But bottom line, whether the choice to include co-op or microtransactions was a developer or not, the fact that EA proclaimed the series dead if it doesn't push five million, makes it very obvious that this statement is wrong, wrong, wrong.

Imagine a man breaks into your home, points a gun at your head and demands that you begin writing a novel. Are you going to write the novel you want to write or the novel the man with the gun wants you to write. Now imagine the man with the gun says, "and if it doesn't sell five million copies, you're going to die." Now imagine this man just so happens to be a leader in the publishing industry, and he REALLY knows how to sell a book. Are you going to sit there and say, "fuck him, he doesn't know what he's doing." Or are you going to ask him for advice?

- " The last thing we think about is monetization."

Bull shit. You are a producer. Your JOB is to think about monetization. The questions of whether this game is going to be fun, or if this game is going to be awesome are backseat, even if they might be a contributing part of, whether this game is going to make money or not. Especially if big daddy EA is deciding how many copies you have to sell in order to live to see the light of day.

The bottom line is that EA is interested in money. If your publisher is interested in money, and you aren't, YOU AREN'T GETTING PUBLISHED.

Sure, maybe the developers aren't interested in money, they probably want to make the best possible game they can. But who are we talking about here? We're talking about a team of guys who want to make their game, but they have to compromise in the face of publishers, producers, and a million other same-faced white-collar office workers who are doing their job. Its dirty, and it is corrupting the sense of art that Dead Space could accomplish.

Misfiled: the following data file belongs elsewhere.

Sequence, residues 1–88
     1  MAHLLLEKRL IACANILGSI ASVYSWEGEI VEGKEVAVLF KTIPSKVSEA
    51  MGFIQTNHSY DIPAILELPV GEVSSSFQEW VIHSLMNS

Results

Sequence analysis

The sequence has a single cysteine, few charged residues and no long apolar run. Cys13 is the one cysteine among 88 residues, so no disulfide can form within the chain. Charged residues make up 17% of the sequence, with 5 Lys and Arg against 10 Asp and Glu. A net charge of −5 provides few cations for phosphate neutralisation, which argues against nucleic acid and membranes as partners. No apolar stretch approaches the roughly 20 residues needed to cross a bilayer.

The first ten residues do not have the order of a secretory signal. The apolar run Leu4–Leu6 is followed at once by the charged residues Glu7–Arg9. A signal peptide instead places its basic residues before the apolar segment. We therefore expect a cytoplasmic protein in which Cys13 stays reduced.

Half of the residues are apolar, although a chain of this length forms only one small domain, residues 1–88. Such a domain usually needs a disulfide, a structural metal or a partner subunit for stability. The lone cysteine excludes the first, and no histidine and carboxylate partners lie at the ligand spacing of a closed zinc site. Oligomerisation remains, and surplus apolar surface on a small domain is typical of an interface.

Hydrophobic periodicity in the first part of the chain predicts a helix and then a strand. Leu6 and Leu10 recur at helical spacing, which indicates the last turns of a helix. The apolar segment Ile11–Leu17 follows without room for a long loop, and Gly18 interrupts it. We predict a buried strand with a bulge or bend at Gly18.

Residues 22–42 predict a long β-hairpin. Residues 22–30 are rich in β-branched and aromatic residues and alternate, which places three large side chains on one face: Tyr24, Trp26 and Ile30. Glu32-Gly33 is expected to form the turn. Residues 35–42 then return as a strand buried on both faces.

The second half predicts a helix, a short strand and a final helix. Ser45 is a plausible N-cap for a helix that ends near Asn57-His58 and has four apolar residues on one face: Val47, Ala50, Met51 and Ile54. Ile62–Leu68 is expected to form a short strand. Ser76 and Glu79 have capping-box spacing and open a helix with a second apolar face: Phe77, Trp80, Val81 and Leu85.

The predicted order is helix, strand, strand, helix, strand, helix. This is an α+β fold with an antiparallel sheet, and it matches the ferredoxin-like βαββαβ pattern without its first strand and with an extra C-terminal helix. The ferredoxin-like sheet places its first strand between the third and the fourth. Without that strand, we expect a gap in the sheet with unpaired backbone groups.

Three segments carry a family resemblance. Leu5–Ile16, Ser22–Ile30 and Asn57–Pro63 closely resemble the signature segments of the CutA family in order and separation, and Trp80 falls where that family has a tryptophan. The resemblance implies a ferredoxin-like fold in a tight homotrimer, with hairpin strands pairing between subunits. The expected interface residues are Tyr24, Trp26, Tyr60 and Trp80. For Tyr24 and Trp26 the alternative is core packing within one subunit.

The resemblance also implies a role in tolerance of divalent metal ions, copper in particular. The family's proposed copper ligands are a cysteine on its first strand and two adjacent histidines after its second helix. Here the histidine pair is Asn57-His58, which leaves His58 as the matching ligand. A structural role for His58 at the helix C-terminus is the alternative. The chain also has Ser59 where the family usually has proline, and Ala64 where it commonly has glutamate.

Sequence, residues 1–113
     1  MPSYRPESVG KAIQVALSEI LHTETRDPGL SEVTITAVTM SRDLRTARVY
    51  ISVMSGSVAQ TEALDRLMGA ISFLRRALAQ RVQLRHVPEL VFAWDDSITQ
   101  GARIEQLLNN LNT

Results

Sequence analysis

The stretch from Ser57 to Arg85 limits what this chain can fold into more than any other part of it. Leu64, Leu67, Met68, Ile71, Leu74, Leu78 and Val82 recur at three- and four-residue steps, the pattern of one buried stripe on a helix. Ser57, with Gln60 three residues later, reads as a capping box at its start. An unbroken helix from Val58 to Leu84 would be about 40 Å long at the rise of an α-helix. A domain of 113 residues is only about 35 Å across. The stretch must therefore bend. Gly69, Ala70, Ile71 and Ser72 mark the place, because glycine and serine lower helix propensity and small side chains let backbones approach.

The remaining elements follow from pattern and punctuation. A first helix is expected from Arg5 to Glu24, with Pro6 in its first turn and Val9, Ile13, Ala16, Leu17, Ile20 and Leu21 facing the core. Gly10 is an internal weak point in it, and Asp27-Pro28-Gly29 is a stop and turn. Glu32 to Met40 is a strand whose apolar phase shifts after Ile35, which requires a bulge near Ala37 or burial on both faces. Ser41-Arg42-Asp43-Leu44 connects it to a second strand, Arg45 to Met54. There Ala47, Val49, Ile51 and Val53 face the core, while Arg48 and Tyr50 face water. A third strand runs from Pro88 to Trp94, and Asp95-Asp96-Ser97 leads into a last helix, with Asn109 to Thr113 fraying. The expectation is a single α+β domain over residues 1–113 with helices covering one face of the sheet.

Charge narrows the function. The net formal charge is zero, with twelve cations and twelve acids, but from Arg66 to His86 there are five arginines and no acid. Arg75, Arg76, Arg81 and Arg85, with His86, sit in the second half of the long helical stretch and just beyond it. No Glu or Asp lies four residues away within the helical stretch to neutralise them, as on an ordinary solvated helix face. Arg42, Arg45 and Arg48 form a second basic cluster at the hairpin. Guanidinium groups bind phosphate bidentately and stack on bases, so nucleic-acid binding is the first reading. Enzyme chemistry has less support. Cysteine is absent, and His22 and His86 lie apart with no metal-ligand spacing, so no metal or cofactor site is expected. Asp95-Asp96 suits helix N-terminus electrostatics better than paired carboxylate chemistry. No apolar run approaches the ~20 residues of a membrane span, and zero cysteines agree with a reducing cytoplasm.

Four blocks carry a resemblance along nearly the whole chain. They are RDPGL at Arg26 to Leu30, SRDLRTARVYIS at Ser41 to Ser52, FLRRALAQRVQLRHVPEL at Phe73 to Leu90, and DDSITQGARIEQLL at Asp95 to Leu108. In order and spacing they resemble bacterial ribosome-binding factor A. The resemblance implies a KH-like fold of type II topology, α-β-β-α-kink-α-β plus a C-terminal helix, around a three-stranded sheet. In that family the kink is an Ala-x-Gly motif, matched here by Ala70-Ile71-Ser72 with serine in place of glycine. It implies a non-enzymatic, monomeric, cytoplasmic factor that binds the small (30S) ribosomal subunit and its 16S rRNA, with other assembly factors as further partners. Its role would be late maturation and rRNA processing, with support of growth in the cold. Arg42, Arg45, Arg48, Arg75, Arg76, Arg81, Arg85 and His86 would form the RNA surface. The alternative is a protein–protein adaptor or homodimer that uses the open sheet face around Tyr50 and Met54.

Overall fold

I realize that of all the things, we're talking about Dead Space here, but again, I draw the Mass Effect reference.

Mass Effect, before Mass Effect 2, felt unique not because of the dialogue wheel, but because it really was one of the very first shooter-RPGs we got to experience. The menu was a little messed up, the equipment was a little repetitive, but they didn't really try very hard to implement those things. And when the sequel came around they didn't try to make those things better, they just cut them. And this had the exact effect it was intended to have. It made the game simpler, it opened it up to people who got confused by menus and decisions.

Decisions are hard.
Mass Effect 2 continued its wonderful story and conversations, meanwhile the gameplay suffered. There was no planet exploration, no tactics for the gun fights (admittedly I played a Soldier on Normal Difficulty), no true mold breaking stuff, which was what the first Mass Effect did.

We exist in a medium that is not about REMOVING features in sequels. We have always been about making gameplay better. Don't believe me? Go look at the playstation 2 Grand Theft Auto Games. The amount of innovations and gameplay improvements from game to game just got better and better.

Now I admit, perhaps Dead Space is getting better and better sequel to sequel, but when something does improve, I want to know in my heart that its better not because these features were included to sell the game to me, but because this is the vision of several artists who put their heart and soul into a product. Not because they had to sell five million copies.